Public Awareness and Engagement

Building public awareness should be understood as a first step towards a participatory process in implementing the 2030 Agenda.

Genuine participation and access to information are cornerstones of empowerment; participation having many instrumental gains as a result of using local knowledge, exposing local preferences, raising resource allocation efficiency, and maximizing ownership and sustainability of development. Consequently, awareness raising efforts should be participatory processes, which are critically assessed, to see whether they:

  • Reflect minimum standards for the process, which should be agreed on by all participants;
  • Operate at all stages, including the design, implementation and monitoring of development strategies;
  • Include women and marginalized groups and develop specific channels of participation if this is necessary;
  • Prevent elite capture and reinforcement of existing social hierarchies and power relations;
  • Are transparent and provide sufficient and accessible information;
  • Provide accountability mechanisms to ensure that the participatory process is held to these standards. (OHCHR 2008)” (Swanson, 2015)

“Revitalizing the global partnership for sustainable development” (SDG 17) demands the design of public awareness campaigns that are participatory in nature. And undoubtedly, access to information is key to foster meaningful public participation in the promotion of Equity, Equality and Sustainability through Innovation (EESI). But this information needs to be presented in a distinctive way that allows stakeholders (companies/investors, suppliers/service providers, clients/users and communities) to easily grasp the issues at stake.

“Through The 2030 Agenda for Sustainable Development, nations acknowledge the imperative of a revitalized global partnership – “an intensive global engagement in support of implementation of all the goals and targets, bringing together Governments, civil society, the private sector, the United Nations system and other actors and mobilizing all available resources.”. The scale and ambition of the new agenda require the inclusion of new partners such as national parliaments, regional and local authorities, academia and volunteer groups. The revitalized global partnership will endeavour to deliver the means of implementation through “domestic public resources, domestic and international private business and finance, international development cooperation, international trade as an engine for development, debt and debt sustainability, addressing systemic issues and science, technology, innovation and capacity-building, and data, monitoring and follow-up.” So important are the means of implementation to the Agenda that it forms the basis for SDG 17 and its supporting targets.”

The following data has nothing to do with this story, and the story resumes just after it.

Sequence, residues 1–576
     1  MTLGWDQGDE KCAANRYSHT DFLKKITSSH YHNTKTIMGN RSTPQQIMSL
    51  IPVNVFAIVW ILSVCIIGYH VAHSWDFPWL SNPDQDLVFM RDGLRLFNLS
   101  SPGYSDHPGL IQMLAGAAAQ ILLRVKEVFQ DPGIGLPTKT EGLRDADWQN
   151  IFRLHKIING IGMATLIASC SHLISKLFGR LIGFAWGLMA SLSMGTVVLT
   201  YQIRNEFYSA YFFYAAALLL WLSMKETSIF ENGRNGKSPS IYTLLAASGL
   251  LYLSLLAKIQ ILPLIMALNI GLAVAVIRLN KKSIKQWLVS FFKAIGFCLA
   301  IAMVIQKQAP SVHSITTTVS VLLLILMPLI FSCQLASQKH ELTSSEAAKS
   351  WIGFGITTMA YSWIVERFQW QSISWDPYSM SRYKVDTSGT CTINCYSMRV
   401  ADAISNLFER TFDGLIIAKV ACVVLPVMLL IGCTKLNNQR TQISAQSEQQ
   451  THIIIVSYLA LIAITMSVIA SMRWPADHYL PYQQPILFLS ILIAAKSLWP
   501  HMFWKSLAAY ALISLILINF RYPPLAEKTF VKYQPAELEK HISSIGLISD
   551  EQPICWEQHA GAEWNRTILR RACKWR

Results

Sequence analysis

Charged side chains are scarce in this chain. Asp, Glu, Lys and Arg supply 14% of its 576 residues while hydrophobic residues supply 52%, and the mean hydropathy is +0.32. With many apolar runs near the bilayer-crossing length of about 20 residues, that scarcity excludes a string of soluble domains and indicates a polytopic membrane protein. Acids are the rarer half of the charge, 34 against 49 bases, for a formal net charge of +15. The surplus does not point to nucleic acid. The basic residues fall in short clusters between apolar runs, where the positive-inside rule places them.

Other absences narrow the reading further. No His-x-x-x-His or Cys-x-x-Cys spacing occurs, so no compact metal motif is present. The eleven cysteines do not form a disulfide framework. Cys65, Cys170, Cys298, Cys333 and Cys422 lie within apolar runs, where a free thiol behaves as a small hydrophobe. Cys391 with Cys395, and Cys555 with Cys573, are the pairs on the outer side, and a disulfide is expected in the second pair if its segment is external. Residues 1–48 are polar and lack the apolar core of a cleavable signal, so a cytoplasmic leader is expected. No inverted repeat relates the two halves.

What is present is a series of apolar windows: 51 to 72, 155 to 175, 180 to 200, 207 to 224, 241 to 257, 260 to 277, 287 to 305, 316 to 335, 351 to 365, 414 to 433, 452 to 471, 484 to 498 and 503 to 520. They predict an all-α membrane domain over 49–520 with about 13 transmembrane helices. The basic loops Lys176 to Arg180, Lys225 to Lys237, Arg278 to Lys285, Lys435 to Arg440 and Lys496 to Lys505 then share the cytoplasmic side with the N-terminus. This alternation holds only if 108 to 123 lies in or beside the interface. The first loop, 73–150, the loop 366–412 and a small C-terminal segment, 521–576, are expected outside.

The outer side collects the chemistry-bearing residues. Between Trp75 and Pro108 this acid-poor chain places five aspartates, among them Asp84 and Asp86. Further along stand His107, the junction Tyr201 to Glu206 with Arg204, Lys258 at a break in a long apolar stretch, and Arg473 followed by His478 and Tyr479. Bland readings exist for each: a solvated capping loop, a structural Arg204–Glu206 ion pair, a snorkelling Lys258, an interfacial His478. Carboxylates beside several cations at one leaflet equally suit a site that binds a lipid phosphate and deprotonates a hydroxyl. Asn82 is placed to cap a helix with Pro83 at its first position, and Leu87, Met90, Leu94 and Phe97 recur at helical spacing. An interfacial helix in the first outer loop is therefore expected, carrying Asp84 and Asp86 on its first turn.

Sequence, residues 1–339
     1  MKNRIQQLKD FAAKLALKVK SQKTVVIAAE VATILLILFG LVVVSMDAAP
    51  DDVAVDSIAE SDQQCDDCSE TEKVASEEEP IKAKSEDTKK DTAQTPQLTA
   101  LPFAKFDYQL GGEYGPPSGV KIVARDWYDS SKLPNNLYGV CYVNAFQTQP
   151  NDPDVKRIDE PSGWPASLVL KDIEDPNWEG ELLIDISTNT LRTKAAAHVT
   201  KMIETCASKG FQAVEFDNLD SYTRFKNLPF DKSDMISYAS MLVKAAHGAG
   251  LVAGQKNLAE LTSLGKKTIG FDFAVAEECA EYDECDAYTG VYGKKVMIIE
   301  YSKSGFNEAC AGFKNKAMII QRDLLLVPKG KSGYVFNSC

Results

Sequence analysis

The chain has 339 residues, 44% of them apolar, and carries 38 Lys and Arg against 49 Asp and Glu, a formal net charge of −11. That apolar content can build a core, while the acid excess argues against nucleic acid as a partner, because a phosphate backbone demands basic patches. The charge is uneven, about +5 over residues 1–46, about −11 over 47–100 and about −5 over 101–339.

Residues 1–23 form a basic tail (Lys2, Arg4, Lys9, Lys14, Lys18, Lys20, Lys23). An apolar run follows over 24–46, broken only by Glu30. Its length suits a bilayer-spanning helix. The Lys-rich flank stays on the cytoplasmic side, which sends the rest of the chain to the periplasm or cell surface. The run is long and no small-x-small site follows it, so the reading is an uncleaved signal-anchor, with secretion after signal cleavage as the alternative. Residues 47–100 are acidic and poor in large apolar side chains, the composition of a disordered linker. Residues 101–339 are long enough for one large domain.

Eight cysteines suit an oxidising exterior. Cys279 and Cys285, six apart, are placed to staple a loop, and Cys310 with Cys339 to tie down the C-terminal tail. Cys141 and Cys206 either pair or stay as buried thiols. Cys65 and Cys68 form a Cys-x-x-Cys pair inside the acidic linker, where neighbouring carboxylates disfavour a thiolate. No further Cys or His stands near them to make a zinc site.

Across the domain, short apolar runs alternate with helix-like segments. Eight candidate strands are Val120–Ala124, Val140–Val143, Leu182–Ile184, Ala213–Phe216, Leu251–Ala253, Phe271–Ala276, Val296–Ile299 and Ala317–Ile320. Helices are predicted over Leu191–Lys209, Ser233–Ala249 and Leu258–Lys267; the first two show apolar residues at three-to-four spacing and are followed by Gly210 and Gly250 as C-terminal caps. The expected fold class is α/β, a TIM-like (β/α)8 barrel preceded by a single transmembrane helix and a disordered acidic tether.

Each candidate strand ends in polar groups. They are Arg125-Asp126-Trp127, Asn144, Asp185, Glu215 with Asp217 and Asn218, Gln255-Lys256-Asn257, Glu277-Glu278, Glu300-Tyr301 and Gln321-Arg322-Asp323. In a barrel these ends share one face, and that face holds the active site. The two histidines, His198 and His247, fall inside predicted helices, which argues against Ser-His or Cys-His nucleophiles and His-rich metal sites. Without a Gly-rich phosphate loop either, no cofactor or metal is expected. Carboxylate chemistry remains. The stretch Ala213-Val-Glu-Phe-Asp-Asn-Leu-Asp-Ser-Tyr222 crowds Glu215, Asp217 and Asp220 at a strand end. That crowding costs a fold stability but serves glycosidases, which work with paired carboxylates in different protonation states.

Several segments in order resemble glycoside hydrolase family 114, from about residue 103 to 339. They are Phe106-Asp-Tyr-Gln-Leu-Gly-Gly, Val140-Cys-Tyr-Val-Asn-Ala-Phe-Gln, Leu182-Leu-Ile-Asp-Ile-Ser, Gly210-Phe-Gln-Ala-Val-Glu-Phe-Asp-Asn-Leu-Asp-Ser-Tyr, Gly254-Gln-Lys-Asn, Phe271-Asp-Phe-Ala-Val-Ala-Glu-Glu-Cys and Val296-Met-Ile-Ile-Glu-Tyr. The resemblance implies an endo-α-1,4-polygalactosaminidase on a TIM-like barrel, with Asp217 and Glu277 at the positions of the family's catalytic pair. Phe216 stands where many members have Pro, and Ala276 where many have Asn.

“Revitalizing the global partnership for sustainable development” (SDG 17) also demands the design of public engagement campaigns that allow stakeholders to take advantage of opportunities for direct EESI action, not only because it is the right thing to do, but also because it is hip and cool, which is how authentic and perdurable culture change is attained. This type of engagement may lead to out-of-the-box alliances between individuals, communities of practice and companies/investors -especially startups and micro, small and medium-sized enterprises (MSMEs)- that follow the highest Environmental, Social and Corporate Governance (ESG) standards.

“Public engagement in sustainability is a challenging task due to economic, technological, cultural and psychological barriers. Modern society is more knowledgeable and active in the fields of climate and sustainability compared to a few decades ago. However, more efforts should be made to increase awareness, critical thinking and knowledge sharing.

Knowledge and learning networks should be cultivated within the community. These networks should foster a culture of openness and inclusion, be transparent, and involve multiple stakeholders. The knowledge generated in Sustainable Development Challenge (SDC)-oriented public engagement cases will prepare stakeholders to advocate more effectively, create or co-create policy, and spread critical information to users. More informed and savvy users can better anticipate the impacts of disruptive technologies on their own lives and are more likely to realise the full value of these technologies, creating opportunities for greater prosperity, and can better protect themselves from their potential negative consequences. Knowledge sharing can activate fruitful dialogues with government while enhancing its own learning and its awareness of evolving societal needs.” (TRIGGER, 2021)

Our theory of change

Our theory of change is based on the premise that establishing Integrity Nodes/Networks (INNs) through Participatory Action Research (PAR) will create a favorable environment for raising public awareness on EESI and fostering public engagement with private companies committed with the highest ESG standards, thus “revitalizing the global partnership for sustainable development” (SDG 17) by allowing multiple stakeholders to create new synergies amongst themselves and with the public at large.